Isle of Wight Electrical Inspection and Testing

What is Inspection & Testing?

 In layman’s terms Inspection and Testing is the testing procedures that electricians use to ensure that a circuit is working correctly and safe for use before being energised. It is a set of processes and procedures which must be followed and involves the use of test equipment to measure that the installation is functioning as expected in accordance with the wiring regulations. Buds Electrical uses a Megger 1731 OS multifunctional meter and is calibrated yearly.

It is a vital part of every electrical job. An inspection and test are carried out to verify, so far as is reasonably practicable, that the requirements of BS 7671 (Wiring Regulations) and other relevant regulations have been met, during the job itself and after completion before handing over to the client. Inspection and testing should also be carried out for all electrical installations at regular intervals. For example, an EICR (Electrical Installation Condition Report) for existing installations, this is also known as a periodic report.

Before inspection and testing is carried out

Protecting Others

It is important to ensure that safety precautions are carried out before starting. This is to protect the health and safety of others and yourself.

It is important to protect the safety of people, livestock and property against the dangers and damage that electrical installations can cause. In basic terms this means assessing risk of injury from things such as:

Electric shock


Other moving equipment

Power supply interruptions

Arcing or burning


Protecting yourself

It is important that other people know that I am carrying out inspection and testing, particularly other workers on site. Therefore, it is important to label or suitably identify the switchgear and control gear when carrying out inspection and testing. Again, this simply means ensuring that no-one accidentally switches on or attempts to use the installation currently undergoing inspection and testing.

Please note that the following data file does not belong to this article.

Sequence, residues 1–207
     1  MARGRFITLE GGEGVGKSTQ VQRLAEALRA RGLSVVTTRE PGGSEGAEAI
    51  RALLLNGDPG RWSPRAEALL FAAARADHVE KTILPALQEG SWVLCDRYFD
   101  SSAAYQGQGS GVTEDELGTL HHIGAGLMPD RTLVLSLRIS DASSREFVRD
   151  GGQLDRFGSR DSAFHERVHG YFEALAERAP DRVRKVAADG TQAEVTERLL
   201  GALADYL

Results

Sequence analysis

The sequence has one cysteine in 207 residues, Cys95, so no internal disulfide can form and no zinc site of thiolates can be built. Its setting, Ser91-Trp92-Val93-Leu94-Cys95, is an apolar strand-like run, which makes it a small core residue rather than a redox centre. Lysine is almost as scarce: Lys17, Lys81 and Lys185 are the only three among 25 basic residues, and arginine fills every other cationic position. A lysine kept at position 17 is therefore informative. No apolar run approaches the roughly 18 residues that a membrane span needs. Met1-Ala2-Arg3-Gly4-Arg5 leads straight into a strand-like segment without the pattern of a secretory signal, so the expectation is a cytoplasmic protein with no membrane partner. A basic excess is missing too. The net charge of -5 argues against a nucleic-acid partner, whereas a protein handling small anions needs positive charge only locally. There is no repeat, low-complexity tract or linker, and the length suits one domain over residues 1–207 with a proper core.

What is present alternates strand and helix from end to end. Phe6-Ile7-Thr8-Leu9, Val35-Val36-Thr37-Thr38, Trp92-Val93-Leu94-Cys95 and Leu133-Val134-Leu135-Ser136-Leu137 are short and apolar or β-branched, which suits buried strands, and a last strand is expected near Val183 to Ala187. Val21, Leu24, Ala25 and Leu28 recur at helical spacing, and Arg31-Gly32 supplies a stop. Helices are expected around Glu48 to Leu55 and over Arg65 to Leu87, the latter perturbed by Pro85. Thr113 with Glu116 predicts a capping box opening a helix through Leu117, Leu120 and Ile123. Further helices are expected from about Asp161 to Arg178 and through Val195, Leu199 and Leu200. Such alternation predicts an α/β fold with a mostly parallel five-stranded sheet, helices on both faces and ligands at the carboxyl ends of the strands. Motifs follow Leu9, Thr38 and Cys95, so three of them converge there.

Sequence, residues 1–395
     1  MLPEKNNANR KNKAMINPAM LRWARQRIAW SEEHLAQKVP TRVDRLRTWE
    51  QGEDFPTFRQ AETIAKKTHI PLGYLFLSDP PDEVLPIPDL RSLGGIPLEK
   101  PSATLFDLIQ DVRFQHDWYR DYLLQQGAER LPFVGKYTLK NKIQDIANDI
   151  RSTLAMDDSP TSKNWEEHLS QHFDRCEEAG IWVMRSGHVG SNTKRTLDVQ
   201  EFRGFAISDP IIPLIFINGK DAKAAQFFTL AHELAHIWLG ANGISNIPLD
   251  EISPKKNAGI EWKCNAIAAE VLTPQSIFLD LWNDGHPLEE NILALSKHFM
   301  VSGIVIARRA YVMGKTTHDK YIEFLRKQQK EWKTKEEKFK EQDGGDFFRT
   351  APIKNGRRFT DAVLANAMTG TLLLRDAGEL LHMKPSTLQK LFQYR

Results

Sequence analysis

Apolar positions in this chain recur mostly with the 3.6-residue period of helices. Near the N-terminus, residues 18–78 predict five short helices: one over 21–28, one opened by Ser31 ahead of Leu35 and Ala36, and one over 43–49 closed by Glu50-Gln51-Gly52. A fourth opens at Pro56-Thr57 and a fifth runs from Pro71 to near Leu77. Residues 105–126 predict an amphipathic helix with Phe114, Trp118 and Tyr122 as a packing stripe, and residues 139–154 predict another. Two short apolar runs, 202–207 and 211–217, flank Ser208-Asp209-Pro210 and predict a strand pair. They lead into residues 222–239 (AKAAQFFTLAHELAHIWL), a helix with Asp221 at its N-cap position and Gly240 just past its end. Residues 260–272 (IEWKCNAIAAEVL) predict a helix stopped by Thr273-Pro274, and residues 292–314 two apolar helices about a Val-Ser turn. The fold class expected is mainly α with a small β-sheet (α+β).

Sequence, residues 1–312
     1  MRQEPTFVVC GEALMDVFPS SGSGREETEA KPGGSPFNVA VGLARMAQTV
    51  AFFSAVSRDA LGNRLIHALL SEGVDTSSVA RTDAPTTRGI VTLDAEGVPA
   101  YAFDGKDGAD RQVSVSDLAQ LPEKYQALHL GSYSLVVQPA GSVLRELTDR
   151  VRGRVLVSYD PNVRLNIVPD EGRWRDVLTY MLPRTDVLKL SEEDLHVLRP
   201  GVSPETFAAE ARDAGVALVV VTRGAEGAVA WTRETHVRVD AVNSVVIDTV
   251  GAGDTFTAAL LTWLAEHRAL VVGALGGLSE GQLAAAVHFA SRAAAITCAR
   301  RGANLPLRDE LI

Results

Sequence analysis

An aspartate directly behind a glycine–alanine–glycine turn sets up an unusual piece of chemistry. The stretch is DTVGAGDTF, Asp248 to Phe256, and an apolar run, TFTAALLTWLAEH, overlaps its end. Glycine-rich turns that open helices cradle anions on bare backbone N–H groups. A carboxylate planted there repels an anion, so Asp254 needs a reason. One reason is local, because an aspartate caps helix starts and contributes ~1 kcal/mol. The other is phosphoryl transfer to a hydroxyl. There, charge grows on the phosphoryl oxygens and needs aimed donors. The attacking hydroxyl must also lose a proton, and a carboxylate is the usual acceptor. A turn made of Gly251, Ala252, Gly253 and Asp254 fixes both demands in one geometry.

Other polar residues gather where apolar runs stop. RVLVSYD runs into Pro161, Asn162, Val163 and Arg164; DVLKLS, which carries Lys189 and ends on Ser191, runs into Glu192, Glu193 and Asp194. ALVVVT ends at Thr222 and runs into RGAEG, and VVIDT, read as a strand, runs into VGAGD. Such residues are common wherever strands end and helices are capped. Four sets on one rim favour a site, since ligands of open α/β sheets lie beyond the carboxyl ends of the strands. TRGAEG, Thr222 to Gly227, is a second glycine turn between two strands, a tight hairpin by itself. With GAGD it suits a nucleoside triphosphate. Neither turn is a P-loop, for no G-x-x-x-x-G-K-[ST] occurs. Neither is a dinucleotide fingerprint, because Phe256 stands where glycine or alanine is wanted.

Whilst these measures may seem a little extreme, it is worth bearing in mind that the installation has not been verified as being safe so still needs to be treated as a potentially dangerous installation. It is better to be safe than sorry.

What is Inspection?

It is carried out before the testing and the installation is normally disconnected from the supply.

The point of inspection is to verify that the installed equipment:

Complies with relevant standards – this is normally a mark of certification by the installer or manufacturer

Is the correct type and installed in accordance to the Electrical Regulations

Not damaged or defective which would cause a safety issue

The Inspection includes the checking of several items which are relevant to the installation. The checking can also take place, if necessary, during installation. The items checked are listed in Regulation 611.3 ‘Inspection’ BS7671.

What is testing?

It is important that testing is carried out using the correct equipment and methods and the results are compared with relevant criteria contained in Regulations 612.2 to 612.13

Testing also needs to be carried out in a specific order before the installation can be switched on. The test order is detailed in Regulations 612.2 to 612.6

If any part of the testing fails to comply, that test plus any other testing already carried out must be repeated once the fault has been fixed. This is because the results of the tests may not be accurate and may have been influenced by the fault.

Types of Testing

  1. Periodic inspection. All electrical installations deteriorate with age and use. They should therefore be inspected and tested at regular intervals to check whether they are in a satisfactory condition for continued use. Such safety checks are commonly referred to as ‘periodic inspectionand testing‘.
  2. Initial verification Inspection & Testing. To ensure that the installation complies with the designer’s intention and has been constructed and tested in accordance with BS7671. To ensure all materials and equipment utilised are of the correct type and comply to all relevant BSEN standards. Ensuring that all parts of the fixed installation are selected and erected correctly (in line with BS7671). No part of the fixed installation is visibly damaged or otherwise defective. Initial Verification Inspection & Testing must take place to confirm elements of the above.